It was not that long ago that the big political question was how Rudolph Giuliani would do against Hillary Clinton in the November election.
The Iowa caucus votes have made that question sound like ancient history, if not science fiction. The results of the Iowa caucus are only a small part of the story of this election year but their implications are significant.
One implication that reaches well beyond politics is that a state that is 95 percent white gave its biggest vote total to a black man.
More Iowa women voted for Obama than for Hillary. So much for the "race, class and gender" mantra among the intelligentsia.
So much also for the "inevitable" or "invincible" candidacy of Hillary Clinton. Perhaps the biggest story out of Iowa is that 71 percent of Democrats voted against Hillary.
The next biggest story is that no one in either party won a majority. It is still a wide-open race in both parties.
As for the Republicans, Mike Huckabee won by 8 percentage points in a state where 60 percent of the Republican voters were evangelicals.
However surprising his victory, it was not massive by any means and the large evangelical factor will not be there in most other states, even among Republican voters much less in the general election in November.
With all the media attention to the various political rivalries in both parties, it is easy to lose sight of the fact that all of this is ultimately about choosing a President of the United States.
The question of what kind of President each candidate would make is infinitely more important than all the "horse race" handicapping that dominates the media.
By far the best presentation as a candidate, among all the candidates in both parties, is that of Barack Obama. But if he actually believes even half of the irresponsible nonsense he talks, he would be an utter disaster in the White House.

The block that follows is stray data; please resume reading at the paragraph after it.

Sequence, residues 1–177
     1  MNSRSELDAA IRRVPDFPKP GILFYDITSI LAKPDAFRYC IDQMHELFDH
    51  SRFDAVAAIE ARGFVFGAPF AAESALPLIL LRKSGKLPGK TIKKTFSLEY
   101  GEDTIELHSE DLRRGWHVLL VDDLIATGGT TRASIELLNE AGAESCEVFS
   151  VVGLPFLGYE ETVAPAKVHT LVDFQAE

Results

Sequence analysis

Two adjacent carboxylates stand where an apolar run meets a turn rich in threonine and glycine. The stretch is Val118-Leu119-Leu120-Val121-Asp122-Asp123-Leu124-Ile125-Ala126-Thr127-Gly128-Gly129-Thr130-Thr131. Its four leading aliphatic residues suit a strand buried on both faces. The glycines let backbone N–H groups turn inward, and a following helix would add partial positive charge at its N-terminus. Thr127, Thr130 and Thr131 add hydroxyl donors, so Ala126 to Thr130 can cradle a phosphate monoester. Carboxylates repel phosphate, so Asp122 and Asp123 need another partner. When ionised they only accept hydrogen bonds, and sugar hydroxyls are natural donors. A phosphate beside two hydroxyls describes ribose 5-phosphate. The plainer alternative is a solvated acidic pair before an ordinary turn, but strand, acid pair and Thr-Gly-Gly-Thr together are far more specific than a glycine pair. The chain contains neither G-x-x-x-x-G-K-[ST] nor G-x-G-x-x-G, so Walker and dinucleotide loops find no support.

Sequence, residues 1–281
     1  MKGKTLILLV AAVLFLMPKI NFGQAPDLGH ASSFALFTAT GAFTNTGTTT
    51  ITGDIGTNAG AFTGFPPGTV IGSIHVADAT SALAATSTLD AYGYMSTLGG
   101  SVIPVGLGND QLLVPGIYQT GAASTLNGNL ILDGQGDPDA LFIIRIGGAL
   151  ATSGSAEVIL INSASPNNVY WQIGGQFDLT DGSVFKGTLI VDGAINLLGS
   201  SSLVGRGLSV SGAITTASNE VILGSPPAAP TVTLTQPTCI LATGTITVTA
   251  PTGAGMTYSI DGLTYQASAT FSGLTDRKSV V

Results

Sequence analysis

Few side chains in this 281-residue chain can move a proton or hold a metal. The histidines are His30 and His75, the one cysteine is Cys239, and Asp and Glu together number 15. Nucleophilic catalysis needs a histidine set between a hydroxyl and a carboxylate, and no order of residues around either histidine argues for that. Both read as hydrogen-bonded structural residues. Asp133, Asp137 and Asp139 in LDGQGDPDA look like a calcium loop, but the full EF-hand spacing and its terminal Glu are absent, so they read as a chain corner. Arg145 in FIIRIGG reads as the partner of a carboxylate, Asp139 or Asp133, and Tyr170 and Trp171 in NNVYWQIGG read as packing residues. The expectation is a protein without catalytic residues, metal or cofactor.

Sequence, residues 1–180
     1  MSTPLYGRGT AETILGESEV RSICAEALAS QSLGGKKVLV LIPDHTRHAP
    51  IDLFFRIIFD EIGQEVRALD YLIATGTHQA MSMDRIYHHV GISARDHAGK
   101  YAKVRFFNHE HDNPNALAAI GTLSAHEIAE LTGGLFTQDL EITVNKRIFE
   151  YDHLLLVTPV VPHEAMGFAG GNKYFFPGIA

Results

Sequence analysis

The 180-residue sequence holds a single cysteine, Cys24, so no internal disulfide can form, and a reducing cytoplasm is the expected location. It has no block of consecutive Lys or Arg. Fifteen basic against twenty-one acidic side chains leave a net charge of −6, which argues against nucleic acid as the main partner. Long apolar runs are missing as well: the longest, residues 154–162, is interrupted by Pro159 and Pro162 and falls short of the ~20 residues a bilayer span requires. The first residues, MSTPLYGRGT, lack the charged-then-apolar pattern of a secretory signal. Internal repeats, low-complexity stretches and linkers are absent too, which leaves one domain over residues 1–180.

Among the Democrats, the choice between John Edwards and Barack Obama depends on whether you prefer glib demagoguery in its plain vanilla form or spiced with a little style and color.
The choice between both of them and Hillary Clinton depends on whether you prefer male or female demagoguery.
Among the Republicans, there are misgivings about the track record of each of the candidates, especially those who have shown what Thorstein Veblen once called "a versatility of convictions."
There are fewer reasons for misgivings about Fred Thompson's track record in the Senate but more reason to be concerned about what his unfocussed and lackluster conduct of his campaign might portend for his performance in the White House.
When it comes to personal temperament, Governor Romney would rate the highest for his even keel, regardless of what events are swirling around him, with Rudolph Giuliani a close second.
Temperament is far more important for a President than for a candidate. A President has to be on an even keel 24/7, for four long years, despite crises that can break out anywhere in the world at any time.
John McCain trails the pack in the temperament department, with his volatile, arrogant, and abrasive know-it-all attitude. His track record in the Senate is full of the betrayals of Republican supporters that have been the party's biggest failing over the years and its Achilles heel politically.
The elder President Bush's betrayal of his "no new taxes" pledge was the classic example, but the current President Bush's attempt to get amnesty for illegal aliens, with Senator McCain's help, was more of the same.
President Ford's pardon of Richard Nixon probably cost him the 1976 election and cost the country the disastrous Carter years.
McCain's betrayals include not only the amnesty bill but also the McCain-Feingold bill that violated the First Amendment for the illusion of "taking money out of politics." His back-door deal with Democrats on judicial nominations also pulled the rug out from under his party leaders in the Senate.
The White House is not the place for a loose cannon.